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NEWS | June 14, 2024

U.S. Marshals train at Fort Indiantown Gap

By Brad Rhen

About 30 U.S. Marshals from around the country conducted training here June 3 to 13.

The training included classroom instruction, firing ranges and scenario-based training at the Combine Arms Collective Training Facility.

Known as the High-Risk Fugitive Apprehension - Human Performance course, the training was designed to identify and enhance individual officer skills and overall performance when faced with stressful events.

The students were subjected to stress-inducing drills and given mission specific tasks to complete. The goal was for the students to develop a better understanding of how the human body processes information and performs in stressful situations.

“The objective of this course is to immerse our students in high-stress drills and scenarios so that they can evaluate their skills – where they’re at under those rapidly evolving stressful situations,” said Brett Hall, acting deputy assistant director, U.S. Marshals Training Division. “What this allows is to make them critical thinkers and decision makers. Our objective is overall officer safety for our mission, so it’s paramount that we train our folks to be proficient decision makers.”

Hall noted that Marshals don’t necessarily investigate crimes, but instead they are usually attempting to apprehend people who have already been charged with or convicted of a crime. Knowing that they are going after a “bad guy” can add to the stress of a situation, he said.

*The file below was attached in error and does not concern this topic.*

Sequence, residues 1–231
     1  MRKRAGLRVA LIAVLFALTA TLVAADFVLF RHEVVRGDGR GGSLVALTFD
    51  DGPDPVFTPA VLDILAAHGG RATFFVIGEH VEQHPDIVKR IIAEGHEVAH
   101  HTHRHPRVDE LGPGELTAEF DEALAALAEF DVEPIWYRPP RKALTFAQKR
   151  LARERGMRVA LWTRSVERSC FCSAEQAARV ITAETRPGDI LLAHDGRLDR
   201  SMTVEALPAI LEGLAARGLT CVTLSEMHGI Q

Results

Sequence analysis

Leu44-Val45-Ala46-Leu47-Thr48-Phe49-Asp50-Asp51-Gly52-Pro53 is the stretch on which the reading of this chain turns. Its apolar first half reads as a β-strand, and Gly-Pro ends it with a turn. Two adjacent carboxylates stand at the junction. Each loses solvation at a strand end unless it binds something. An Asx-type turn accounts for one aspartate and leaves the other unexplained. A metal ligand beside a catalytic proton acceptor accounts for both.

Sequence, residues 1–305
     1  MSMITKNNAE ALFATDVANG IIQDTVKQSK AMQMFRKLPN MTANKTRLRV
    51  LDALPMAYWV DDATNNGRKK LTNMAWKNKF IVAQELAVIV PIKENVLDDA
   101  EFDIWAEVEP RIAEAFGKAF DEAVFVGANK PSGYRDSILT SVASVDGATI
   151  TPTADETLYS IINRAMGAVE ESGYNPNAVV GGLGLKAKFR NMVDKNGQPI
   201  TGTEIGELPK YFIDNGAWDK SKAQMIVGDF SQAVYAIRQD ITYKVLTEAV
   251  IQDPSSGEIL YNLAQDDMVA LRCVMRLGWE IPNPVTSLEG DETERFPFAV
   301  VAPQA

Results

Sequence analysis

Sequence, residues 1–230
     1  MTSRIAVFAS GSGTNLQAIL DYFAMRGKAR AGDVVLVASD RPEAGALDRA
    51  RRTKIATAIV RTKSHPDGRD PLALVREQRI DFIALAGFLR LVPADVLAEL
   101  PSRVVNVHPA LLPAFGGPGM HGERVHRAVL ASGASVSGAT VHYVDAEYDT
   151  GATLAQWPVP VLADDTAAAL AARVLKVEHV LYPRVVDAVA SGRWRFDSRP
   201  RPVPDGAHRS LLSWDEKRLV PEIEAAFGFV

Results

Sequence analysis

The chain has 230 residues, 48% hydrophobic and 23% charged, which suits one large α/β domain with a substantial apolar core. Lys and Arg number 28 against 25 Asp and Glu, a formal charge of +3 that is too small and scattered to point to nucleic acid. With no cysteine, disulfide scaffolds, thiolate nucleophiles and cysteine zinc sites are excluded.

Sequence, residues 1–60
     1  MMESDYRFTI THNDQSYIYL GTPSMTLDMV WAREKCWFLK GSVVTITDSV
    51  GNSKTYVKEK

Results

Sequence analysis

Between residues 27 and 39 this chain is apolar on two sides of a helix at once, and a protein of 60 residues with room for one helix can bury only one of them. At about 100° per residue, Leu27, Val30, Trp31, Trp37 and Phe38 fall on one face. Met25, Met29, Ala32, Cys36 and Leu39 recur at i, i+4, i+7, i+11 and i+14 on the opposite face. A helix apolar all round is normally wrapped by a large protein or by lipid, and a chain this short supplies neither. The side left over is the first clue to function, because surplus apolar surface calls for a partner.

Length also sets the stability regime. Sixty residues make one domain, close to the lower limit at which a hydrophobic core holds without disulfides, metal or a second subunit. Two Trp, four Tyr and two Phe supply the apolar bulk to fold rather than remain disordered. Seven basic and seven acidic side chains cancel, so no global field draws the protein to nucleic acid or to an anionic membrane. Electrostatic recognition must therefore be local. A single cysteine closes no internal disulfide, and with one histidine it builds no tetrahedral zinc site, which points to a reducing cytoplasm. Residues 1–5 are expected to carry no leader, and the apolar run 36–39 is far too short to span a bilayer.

“The mission of the Marshal service is to protect, defend and enforce the justice system, and one of the ways we do that is fugitive apprehension from violent crimes, so these are people we know are violent and they are fugitives from justice,” Hall said. “Safety is paramount for us. Not just officer safety, but for the public and the subjects we’re apprehending, and that’s what this course allows us to prepare our folks for that.”

John Lindeman, assistant chief inspector, U.S. Marshals Training Division, said the training gave the students the opportunity to better grasp how they react to stress.

“We operate in an environment that’s tense, uncertain and rapidly evolving,” Lindeman said. “When we put the students in individual drills, everybody deals with stress in a different way, and sometimes they got to know that they can make decisions under that intense amount of stress.

“When we put them under stress, and they understand how their body deals with that stress, they’ll be able to better draw back on those mental files that they built through this training and say, ‘I’ve been here before. I’ve seen this. I’ve done this. I know how to control my body, and I know how to control the situation,’” Lindeman added.

The CACTF is an urban operations training facility consisting of 12 buildings, including a hotel, a church, a cemetery with vault, power plant and underground tunnels.

There, the Marshals were able to conduct various scenarios, including traffic stops, delivering paperwork and entering and clearing rooms.

Hall said the training went great, and he was very grateful for the opportunity to train at Fort Indiantown Gap.

“The facilities are phenomenal,” he said. “To have the opportunity to train in a tactical village such as this, it truly allows for immersion. It gives different types of buildings that we will be operating in, and so it allows us to build those files where they’ve been there before, and they understand how to operate in it. You cannot ask for a better training facility.”